Often rituals like that help channel intense energies such as joy, sadness, and wonder. The prescribed steps help us hone in on feelings that can be hard to handle, and give us a roadmap. But ritual also demands our presence in that it is meant to have an intensity that a routine does not. Ritual is special and sacred whereas routine is profane.
Fundamentally ritual is a way to channel energy, which means intention brought to the event is quite important. How we lay out our implements, the order in which things are done, the items used, the words said, the time of day, and how long is spent on the ritual all can matter. Ritual is generally done the same way each time. This allows the body to truly relax as the mind sinks into the combination of special actions and repetition. It's a unique power and flow that is brought about.
Routine, as we have discussed, can become automatic, harnessing the vast power of our unconscious mind. Ritual has an ability to tap into our conscious mind as well as that is where we hold our intention.
Intention and mindfulness are often missing from routines, and this is where ritual steps in to allow us to access ourselves in an alternate way. Rituals actually affect our neurology as well and can alter our thoughts, feelings, and behavior even following the ritual. Sometimes just the belief that we are engaging in something special and healing allows the body to tap into additional resources and respond accordingly. Using special neural pathways developed just for ritual can enhance our attention and execution, and increase likelihood that our desired result will occur.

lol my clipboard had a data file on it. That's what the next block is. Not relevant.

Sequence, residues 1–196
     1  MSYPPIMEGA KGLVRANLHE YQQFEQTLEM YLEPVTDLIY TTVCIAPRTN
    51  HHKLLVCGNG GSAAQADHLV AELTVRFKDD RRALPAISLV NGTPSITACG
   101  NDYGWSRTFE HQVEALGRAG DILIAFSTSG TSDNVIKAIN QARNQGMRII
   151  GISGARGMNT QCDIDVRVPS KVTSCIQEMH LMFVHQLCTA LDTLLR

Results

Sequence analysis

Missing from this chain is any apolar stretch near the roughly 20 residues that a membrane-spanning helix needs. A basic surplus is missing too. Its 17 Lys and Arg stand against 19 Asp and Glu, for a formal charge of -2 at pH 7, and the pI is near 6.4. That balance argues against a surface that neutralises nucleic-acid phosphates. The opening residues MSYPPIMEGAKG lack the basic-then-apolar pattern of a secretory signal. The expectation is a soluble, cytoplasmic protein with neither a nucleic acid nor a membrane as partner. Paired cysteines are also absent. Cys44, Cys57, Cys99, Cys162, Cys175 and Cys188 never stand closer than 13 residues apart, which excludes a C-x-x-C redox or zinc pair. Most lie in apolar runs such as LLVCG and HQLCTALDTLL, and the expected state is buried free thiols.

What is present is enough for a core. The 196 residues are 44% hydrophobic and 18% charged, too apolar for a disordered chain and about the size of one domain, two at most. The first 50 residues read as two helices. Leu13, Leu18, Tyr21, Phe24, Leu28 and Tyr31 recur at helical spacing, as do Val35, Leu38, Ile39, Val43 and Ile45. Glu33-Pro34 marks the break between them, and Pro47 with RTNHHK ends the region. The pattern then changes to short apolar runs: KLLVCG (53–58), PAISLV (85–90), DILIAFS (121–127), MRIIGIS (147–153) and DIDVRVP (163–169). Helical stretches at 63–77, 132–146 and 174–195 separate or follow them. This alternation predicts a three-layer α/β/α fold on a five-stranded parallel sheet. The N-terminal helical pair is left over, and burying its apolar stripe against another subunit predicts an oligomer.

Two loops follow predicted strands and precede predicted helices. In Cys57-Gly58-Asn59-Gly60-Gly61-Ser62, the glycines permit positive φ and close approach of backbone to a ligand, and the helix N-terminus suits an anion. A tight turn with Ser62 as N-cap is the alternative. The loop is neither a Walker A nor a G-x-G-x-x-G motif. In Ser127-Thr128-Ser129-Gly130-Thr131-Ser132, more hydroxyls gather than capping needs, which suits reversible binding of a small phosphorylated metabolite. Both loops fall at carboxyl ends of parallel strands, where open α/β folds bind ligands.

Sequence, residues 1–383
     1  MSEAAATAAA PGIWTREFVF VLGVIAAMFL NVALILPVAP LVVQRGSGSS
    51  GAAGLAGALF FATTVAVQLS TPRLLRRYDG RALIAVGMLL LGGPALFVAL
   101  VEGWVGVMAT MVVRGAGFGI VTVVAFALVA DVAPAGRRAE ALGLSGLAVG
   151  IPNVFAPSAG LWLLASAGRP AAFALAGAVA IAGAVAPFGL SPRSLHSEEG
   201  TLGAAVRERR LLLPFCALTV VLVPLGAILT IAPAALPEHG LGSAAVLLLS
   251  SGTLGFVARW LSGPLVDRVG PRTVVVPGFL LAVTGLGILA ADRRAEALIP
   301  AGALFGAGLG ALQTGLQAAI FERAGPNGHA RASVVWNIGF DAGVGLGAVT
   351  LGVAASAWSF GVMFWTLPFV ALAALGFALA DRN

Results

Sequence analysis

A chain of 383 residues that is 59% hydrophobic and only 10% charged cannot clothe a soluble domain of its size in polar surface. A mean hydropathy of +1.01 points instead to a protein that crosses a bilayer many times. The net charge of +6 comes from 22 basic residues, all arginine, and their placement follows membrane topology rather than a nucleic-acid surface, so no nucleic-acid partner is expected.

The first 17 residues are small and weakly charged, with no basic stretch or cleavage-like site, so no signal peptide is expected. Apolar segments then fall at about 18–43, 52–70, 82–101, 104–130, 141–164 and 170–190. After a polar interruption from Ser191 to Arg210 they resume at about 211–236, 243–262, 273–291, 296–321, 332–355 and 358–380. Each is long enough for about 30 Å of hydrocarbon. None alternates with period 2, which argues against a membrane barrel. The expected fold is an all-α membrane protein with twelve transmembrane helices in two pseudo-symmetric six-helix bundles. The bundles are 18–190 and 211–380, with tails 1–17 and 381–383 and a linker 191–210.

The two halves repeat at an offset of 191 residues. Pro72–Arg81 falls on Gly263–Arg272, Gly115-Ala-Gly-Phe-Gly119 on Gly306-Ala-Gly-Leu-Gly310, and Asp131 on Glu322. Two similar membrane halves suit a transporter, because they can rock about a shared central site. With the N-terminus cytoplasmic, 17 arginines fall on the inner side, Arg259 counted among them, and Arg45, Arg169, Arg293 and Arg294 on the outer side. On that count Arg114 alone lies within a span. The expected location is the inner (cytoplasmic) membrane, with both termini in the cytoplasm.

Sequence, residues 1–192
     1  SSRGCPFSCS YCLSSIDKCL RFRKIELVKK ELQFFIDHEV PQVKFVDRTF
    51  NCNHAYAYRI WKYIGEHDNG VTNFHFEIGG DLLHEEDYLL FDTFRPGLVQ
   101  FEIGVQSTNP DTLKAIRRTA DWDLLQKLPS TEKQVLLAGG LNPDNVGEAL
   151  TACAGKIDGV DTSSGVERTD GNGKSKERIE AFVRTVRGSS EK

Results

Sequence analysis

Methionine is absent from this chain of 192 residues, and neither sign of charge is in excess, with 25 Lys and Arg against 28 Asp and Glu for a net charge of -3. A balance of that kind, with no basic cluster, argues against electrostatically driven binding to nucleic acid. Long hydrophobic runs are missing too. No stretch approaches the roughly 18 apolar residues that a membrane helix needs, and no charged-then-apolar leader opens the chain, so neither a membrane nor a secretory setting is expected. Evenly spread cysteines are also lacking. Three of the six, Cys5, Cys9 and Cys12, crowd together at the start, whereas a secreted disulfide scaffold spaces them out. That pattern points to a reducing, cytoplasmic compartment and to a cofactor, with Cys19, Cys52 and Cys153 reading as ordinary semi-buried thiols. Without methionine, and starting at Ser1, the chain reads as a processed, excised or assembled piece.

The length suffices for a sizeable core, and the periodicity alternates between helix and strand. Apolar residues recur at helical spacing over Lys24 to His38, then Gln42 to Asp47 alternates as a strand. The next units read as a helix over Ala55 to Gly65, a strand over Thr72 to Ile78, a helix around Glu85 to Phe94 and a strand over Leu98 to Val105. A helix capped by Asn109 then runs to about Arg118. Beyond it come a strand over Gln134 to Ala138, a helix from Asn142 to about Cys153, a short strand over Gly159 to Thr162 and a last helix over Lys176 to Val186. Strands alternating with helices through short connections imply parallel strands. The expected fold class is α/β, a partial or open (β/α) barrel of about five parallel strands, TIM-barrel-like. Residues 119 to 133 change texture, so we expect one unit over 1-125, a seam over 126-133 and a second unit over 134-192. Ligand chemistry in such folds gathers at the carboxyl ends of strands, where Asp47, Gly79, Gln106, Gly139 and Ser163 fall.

Ironically, though, it could be possible for a "ritual" to become nothing more than routine when overused. The care taken to prepare and implement ritual is often too intense for an everyday experience unless we make great efforts to truly stay present. When we allow the special quality to evaporate from ritual it slips into being routine.
Doing a weekly facial mask can be a great basis for a personal beauty ritual. You could do it on a certain day and time each week, with a special bowl, towel and music. You could make a special kind of tea that you only have during that time each week, and diffuse a special essential oil blend. These items would then be kept just for your weekly self care ritual. A special affirmation composed to help put your mind and body in the right state for maximum receptivity could be read before or during your mask application.
One unique benefit of a special activity like this is that the ritual itself acts as a centering influence even when other parts of our lives change . The ritual can remain the same through moves to new cities, new homes, through relationships, and through phases in life. Ritual can act as an anchor to help us feel balanced. It can offer some certainty in an uncertain world.
Have you ever done what could be considered a ritual?
What is your intention when you embark on a ritual you use?
Which of these concepts do you think applies to how you engage with beauty and self care?
Do you feel that you could infuse more of a special quality into how you care for your skin?
Tell us what you think about the concepts of rituals vs routines in the comments!